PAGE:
The whole controversy is beyond silly..  This is what happens when bed-wetting, whining, liberals are out looking to find some reason to feel victimized.  It’s political correctness gone crazy.  Clearly these idiots who are whining about this haven’t been to Cheyenne Frontier Days; one of the biggest rodeo events in the country.  There are people of all ages, genders, and yes…ethnicities.  Good on the folks at the Univ of Wyoming for sticking to their guns, and blowing these idiots off..  Unreal..

Nearly 220 Texas School Districts Allow School Staff to be Armed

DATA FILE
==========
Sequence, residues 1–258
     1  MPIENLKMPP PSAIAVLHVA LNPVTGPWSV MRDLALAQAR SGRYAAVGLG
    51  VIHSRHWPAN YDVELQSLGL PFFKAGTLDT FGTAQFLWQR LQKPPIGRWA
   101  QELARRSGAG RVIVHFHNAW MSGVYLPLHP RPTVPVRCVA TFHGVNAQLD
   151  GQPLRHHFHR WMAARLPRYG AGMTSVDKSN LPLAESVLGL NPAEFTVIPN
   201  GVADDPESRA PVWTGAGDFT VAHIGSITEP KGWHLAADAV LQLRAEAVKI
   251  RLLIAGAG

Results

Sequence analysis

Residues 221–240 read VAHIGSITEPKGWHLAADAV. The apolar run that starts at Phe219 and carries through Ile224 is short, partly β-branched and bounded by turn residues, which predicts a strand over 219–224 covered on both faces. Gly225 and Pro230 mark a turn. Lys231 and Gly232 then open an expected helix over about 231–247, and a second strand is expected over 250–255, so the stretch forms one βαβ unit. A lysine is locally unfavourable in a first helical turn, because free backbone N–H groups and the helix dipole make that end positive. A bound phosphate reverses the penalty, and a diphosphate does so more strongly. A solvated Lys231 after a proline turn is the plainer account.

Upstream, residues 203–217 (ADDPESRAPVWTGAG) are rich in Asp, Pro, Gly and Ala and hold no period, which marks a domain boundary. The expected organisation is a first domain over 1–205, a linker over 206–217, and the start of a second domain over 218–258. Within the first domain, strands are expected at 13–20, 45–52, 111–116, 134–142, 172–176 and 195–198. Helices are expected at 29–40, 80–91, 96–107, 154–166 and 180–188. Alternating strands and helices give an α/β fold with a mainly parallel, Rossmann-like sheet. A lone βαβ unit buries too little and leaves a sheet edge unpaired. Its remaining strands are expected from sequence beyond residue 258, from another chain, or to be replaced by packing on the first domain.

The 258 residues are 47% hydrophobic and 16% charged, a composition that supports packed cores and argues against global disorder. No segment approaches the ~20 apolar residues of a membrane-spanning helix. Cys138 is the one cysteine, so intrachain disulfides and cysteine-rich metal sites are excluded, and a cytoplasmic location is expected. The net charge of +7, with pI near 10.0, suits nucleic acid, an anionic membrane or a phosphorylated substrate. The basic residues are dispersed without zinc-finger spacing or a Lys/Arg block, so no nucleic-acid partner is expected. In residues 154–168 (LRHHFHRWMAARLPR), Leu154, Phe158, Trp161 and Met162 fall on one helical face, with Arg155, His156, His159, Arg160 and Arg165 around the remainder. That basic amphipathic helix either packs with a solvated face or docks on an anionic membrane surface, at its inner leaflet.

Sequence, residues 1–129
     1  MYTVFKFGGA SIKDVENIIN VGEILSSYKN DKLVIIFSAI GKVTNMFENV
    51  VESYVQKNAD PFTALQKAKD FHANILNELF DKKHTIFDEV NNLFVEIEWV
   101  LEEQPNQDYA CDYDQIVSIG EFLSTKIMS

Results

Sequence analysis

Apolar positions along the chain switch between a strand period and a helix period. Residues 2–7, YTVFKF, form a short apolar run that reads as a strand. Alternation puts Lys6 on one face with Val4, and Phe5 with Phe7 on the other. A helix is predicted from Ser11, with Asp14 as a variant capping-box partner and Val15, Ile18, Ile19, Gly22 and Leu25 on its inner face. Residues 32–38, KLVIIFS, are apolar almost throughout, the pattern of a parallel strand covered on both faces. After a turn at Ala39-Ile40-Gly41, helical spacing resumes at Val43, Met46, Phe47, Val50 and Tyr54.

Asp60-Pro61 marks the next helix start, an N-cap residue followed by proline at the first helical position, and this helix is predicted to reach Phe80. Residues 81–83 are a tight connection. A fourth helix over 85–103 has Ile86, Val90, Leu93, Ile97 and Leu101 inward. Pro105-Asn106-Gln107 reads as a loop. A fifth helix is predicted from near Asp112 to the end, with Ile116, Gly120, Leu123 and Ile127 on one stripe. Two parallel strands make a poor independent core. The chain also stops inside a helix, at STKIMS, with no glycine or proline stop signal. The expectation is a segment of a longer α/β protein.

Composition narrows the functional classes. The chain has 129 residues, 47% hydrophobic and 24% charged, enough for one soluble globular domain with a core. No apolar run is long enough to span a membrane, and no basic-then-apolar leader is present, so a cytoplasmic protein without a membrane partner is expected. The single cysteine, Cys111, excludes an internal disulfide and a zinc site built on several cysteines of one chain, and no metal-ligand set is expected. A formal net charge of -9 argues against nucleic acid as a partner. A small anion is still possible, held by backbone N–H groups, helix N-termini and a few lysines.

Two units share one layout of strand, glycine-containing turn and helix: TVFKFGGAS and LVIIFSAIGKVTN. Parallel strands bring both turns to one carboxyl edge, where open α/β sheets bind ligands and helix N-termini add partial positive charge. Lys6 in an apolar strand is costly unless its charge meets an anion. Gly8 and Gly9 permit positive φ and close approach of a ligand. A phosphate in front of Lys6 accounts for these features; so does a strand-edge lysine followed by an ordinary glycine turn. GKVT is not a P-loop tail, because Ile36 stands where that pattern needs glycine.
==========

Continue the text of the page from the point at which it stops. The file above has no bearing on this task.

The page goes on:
Nearly 220 Texas school districts allow school staff to be armed for defense of themselves and their students. The Corpus Christi Caller-Times reports that the exact number of school districts allowing armed staff sits at 217. At the beginning of February there were just over 170 Texas districts allowing armed staff, but that number grew as district after district responded to Parkland and other school shootings by changing policies to allow staff to defend their students. The 217 school districts that allow armed staff represent 21 percent of Texas’s 1,023 independent school districts. That is 21 percent or just over one in five. Texas implemented their armed staff policy in the months after the heinous December 14, 2012, Sandy Hook Elementary School attack. In that attack a man entered the school with stolen guns and spent over nine minutes shooting innocents without any armed response. The policy adopted by Texas “allows school districts to arm school employees and created an additional category of a certified peace officer known as a ‘school marshal’ who can conceal carry a handgun.” It is intended to ensure a Sandy Hook-style attacker will not find a school full of defenseless innocents if he dares to attack.